Jess and Britney Gulbrandsen are a husband and wife writing team who spend their romantic date nights discussing plot points and hunting for Big Foot. When they aren’t writing, Jess and Britney like to read aloud first lines of novels and create dialogue for their children and dog.
In his spare time, Jess enjoys fishing, arm wrestling, and extremely low-budget monster movies. Britney spends most of her days making lists, reading, and trying to keep the little ones from burning down the house.
She also talks about books and writing on her website: www.britneygulbrandsen.com
Twelve-year-old José Villa wants to be brave like his best friend, Bubba, but he’s more terrified than a fresh bass at a fish fry. So he accepts his role as sidekick in Bubba’s daring, and mostly harebrained, schemes and adventures.
But when José sneaks into a pasture with Bubba in the middle of the night, he encounters a horror he couldn’t have imagined: zombie freaking cows. Oh, and the evil witch Agatha Winters, back from the dead and ready to get revenge on the town that killed her. Not knowing what to do, José and Bubba team up with a young witch expert. Together, the trio works to stop Agatha, encountering a creepy undertaker, an incompetent sheriff, and a horde of demonic squirrels along the way.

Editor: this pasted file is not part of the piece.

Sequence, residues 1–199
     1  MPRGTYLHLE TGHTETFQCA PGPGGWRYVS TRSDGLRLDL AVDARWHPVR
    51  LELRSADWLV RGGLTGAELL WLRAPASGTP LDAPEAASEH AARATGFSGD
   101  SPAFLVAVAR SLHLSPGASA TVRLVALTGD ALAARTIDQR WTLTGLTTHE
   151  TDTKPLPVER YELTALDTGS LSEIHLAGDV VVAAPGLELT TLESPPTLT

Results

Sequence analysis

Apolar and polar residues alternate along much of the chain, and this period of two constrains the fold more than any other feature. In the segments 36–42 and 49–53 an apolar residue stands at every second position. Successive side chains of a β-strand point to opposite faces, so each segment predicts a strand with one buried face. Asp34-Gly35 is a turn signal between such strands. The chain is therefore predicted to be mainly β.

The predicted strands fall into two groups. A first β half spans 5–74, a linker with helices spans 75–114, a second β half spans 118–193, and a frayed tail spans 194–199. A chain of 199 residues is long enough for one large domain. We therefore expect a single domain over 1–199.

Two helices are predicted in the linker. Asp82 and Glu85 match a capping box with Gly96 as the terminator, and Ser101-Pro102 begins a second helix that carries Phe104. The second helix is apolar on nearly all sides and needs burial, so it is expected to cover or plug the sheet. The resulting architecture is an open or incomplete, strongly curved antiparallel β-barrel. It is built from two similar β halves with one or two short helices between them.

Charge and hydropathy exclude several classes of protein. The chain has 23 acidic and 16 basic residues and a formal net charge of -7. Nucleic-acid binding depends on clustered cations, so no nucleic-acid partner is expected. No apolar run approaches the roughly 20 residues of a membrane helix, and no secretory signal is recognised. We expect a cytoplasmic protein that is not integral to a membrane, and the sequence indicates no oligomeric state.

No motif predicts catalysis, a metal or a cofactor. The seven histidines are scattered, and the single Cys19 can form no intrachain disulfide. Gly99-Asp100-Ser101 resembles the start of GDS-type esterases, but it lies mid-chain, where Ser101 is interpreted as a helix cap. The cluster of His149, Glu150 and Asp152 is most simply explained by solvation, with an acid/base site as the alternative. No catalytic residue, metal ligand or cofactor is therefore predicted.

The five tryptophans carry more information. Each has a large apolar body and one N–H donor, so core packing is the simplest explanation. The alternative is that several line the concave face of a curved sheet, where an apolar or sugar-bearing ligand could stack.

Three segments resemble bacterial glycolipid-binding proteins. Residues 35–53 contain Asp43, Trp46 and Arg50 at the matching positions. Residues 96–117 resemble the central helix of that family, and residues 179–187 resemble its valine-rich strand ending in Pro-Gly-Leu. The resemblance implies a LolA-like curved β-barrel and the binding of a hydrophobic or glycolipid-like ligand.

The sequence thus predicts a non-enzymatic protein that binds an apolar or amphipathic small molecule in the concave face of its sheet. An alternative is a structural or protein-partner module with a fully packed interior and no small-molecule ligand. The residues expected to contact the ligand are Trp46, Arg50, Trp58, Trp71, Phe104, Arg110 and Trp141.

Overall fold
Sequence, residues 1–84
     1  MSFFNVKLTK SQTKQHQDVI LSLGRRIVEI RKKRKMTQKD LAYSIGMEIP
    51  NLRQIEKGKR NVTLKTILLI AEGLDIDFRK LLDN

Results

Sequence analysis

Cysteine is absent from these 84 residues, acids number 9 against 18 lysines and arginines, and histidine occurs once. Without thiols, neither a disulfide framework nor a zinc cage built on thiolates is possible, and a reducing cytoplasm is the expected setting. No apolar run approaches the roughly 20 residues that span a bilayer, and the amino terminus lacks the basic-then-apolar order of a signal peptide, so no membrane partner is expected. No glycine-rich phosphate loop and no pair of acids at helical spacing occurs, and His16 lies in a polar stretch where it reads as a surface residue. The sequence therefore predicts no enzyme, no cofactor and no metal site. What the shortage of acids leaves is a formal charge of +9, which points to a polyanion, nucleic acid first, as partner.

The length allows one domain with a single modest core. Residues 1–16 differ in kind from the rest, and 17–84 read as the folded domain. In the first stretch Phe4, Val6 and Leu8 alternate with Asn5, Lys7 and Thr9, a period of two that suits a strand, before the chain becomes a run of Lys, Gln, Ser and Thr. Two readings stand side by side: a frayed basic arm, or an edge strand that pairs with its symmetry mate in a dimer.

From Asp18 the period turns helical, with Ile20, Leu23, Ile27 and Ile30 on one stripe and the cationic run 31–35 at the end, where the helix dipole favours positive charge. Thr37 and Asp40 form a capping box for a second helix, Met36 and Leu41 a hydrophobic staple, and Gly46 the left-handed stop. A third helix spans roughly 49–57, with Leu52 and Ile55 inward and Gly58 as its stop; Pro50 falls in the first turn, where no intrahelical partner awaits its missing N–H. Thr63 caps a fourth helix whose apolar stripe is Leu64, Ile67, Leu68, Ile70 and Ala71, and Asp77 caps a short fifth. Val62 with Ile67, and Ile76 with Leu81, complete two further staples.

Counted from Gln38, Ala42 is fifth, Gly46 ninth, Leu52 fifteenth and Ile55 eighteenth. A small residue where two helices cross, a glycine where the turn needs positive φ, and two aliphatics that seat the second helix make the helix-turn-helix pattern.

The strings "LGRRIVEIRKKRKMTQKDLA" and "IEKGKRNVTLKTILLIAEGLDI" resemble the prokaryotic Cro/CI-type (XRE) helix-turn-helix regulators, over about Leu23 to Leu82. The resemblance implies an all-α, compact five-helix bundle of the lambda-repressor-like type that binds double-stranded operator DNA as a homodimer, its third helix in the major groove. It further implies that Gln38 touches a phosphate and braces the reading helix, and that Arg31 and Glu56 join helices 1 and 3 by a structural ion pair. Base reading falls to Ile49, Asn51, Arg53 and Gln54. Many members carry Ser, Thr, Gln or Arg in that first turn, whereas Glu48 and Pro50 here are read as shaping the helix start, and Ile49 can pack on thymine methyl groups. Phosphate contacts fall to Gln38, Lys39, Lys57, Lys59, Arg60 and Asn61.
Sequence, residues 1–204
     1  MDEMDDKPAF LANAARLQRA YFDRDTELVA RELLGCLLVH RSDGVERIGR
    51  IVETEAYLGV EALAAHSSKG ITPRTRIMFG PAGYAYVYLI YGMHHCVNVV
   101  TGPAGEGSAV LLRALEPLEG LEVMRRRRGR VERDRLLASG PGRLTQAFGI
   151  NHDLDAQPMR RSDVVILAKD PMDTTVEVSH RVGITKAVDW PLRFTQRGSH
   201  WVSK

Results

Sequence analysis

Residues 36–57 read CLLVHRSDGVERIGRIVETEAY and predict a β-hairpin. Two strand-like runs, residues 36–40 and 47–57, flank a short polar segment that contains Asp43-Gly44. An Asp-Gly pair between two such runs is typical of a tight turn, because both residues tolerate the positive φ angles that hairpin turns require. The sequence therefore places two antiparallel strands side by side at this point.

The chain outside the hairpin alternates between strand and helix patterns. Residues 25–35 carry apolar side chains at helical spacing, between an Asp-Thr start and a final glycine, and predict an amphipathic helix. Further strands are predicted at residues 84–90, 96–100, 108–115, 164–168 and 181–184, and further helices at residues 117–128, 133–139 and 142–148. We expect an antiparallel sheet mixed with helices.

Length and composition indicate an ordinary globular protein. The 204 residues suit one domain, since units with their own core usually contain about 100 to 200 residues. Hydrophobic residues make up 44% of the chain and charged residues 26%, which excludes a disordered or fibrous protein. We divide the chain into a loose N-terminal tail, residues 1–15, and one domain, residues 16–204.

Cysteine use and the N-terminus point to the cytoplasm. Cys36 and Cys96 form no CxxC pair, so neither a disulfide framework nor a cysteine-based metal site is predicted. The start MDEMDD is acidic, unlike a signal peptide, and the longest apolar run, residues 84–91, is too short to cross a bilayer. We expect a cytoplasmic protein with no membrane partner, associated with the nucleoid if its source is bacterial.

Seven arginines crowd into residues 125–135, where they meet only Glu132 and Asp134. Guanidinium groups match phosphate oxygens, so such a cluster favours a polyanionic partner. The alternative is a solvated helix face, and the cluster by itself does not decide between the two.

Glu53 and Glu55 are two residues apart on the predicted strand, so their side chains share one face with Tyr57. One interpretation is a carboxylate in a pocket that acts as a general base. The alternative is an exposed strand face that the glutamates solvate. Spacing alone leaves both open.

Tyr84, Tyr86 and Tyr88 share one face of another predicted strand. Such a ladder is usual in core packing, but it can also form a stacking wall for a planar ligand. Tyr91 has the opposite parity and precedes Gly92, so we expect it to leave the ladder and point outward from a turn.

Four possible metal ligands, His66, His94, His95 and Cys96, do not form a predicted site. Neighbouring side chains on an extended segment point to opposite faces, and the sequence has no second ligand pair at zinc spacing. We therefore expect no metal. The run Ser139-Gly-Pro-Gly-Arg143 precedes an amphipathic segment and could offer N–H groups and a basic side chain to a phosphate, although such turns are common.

When his friends get locked up, it’s up to José to become the hero of the story. He must overcome his fears and stop Agatha before she hoodwinks the whole town into jumping from the same cliff they pushed her off of years ago.
Southern Fried Witch Hunters is a Mid-Grade Horror complete at 45k words.
An angry wind echoed through the night as I read the cracked wooden sign nailed to the fence. “Warning: Trespassers will be skinned alive and deep fried.”
A chill rattled my shoulders. It’d be a miracle if I lived to see the seventh grade.
Bubba scraped a large chunk of manure off the bottom of his boot and grinned. “It’s tipping time.”
In Trout Bend, Alabama, cow tipping wasn’t just a hobby. It was an art form. All the best tippers came from our town, but the greatest of them all was my best friend, Bubba—better known around these parts as the da Vinci of the Dairy.
Unfortunately, like most great artists, Bubba had started to go a little bit loco. Actually, scratch that. There was nothing little about it. That boy was nuttier than a pack of rabid squirrels on a cashew binge. I mean, why else would he have dragged me out to Buck Miller’s pasture in the middle of the night?
I gulped. “Bubba, are you sure this is a smart idea?”
He laughed as he squeezed his round body between a couple strands of barbed wire. “Course it ain’t no smart idea, José. But it’s like my daddy always says, ‘Ain’t nobody ever have any fun being smart.’”
I wanted to point out that nobody had ever been arrested for being smart either, but Bubba didn’t like talking about that. I took a deep breath and slid my way through the fence.